Poem by Melissa de Haan Cummings

7aa8c-image2b1

Gloucester Mansion. 1924. Edward Hopper (1882-1967)

Engineering

The string behind the back of the bench
Keeping its uprights from splaying.
The underwear and tees
Folded in half on the laundry line
Reachable only from the stepladder
In the thirty degrees and less
Where it will not dry until
This winter weather turns mild.
Copper tubing outside the wall
Horizontal under the upstairs sink
Because it was too much trouble
To put pipes inside
But the hot and the cold
Run to the faucets.

Uncle Jimmy tied loose circles
Of string around both upper
And lower doors
Of the refrigerator
So aging Re
Could not open them
On her nightly prowlings.
He put an open padlock
On the loop
Through the hasp
Atop the cellar stairs.
And the upstairs bed
Was moved to the dining room.

Wisps of dark
On a pale blue sea
As if the wind
Is writing.

“How was your Thanksgiving?”
“Boring.  How was yours?”
“Boring.”
“Well.  I spent
The whole day cooking!”
“Nobody helped?”
“Nobody!  My daughter
Went to his parents.
Richie slept on the couch.”
“Did he eat?”
“O yeah.  They all ate.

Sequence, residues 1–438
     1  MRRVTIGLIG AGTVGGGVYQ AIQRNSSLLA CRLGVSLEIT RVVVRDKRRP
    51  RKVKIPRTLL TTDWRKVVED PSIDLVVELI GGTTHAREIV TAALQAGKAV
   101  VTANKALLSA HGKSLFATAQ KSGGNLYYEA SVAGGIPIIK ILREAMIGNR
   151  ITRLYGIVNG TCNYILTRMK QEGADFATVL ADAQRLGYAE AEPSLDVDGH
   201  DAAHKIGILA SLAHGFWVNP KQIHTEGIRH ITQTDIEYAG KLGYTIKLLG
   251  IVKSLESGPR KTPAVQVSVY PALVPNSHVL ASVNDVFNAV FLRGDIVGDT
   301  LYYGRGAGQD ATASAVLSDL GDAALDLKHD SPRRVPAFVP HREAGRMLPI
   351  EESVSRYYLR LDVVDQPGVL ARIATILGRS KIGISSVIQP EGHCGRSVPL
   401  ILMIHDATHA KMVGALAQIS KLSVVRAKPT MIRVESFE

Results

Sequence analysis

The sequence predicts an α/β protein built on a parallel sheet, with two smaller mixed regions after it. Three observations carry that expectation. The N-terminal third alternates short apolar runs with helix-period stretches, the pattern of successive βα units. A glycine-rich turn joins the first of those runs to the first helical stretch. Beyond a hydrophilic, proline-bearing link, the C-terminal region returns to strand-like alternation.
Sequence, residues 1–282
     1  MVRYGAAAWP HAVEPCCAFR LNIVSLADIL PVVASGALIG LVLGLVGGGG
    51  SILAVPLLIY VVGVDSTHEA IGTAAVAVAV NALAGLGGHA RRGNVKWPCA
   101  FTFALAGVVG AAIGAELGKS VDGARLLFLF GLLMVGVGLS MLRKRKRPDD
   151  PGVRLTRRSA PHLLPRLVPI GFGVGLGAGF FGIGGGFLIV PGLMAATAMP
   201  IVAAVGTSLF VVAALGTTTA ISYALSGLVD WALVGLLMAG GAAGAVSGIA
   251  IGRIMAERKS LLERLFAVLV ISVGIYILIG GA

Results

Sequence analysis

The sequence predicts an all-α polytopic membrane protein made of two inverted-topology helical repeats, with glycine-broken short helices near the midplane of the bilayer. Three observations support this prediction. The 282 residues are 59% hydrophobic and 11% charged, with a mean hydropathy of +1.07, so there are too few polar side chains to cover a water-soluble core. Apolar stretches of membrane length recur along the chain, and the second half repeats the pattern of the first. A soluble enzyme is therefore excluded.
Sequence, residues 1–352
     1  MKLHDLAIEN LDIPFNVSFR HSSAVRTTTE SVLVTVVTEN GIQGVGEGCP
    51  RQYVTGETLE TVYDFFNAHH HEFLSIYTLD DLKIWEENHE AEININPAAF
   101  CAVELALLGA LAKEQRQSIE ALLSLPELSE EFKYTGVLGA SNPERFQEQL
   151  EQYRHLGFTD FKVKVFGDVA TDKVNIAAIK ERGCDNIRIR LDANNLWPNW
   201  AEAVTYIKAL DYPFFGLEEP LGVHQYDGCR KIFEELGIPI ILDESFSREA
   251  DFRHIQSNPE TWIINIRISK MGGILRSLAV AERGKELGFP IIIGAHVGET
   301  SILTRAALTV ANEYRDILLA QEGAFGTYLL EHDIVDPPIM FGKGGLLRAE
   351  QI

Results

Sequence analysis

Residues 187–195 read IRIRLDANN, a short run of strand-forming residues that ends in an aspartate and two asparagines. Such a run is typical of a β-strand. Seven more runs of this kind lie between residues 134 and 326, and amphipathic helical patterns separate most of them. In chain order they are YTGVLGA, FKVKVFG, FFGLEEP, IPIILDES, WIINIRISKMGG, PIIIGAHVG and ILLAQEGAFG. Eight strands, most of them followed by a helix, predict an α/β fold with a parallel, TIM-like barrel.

It come out good, though.”

Sprained ankle slow
Prompting gratitude
And the behind dog
To trot ahead.

Air under thin ice
Water under dark ice.
The easterly horizon lavender
To pink to pale blue.
The westerly setting of sun
Covered in dark gray
Which will not disappoint
Kimi and Harry
Who like the peace
Of this time of day.

A slightly perceptible ripple
Under the perfect
Mirror of cove water
Is not a fish
Marks the rock
We played on.

Lavender becomes gray.

He claims the laundry dried all right
Although one clothes pin was frozen.

~ Melissa de Haan Cummings

melissa2bcummingsMelissa de Haan Cummings majored in French and English Literature at 
Bryn Mawr. She has published poetry in a number of journals. 
 She describes her interests as including, “much small boating around Cape
 Ann, love of Charles Olson, Hatha yoga practice since 1969.”

Your comments are more than welcome. We prefer to know your real name. Please tell us what you think, and why. Thank you

Fill in your details below or click an icon to log in:

WordPress.com Logo

You are commenting using your WordPress.com account. Log Out / Change )

Twitter picture

You are commenting using your Twitter account. Log Out / Change )

Facebook photo

You are commenting using your Facebook account. Log Out / Change )

Google+ photo

You are commenting using your Google+ account. Log Out / Change )

Connecting to %s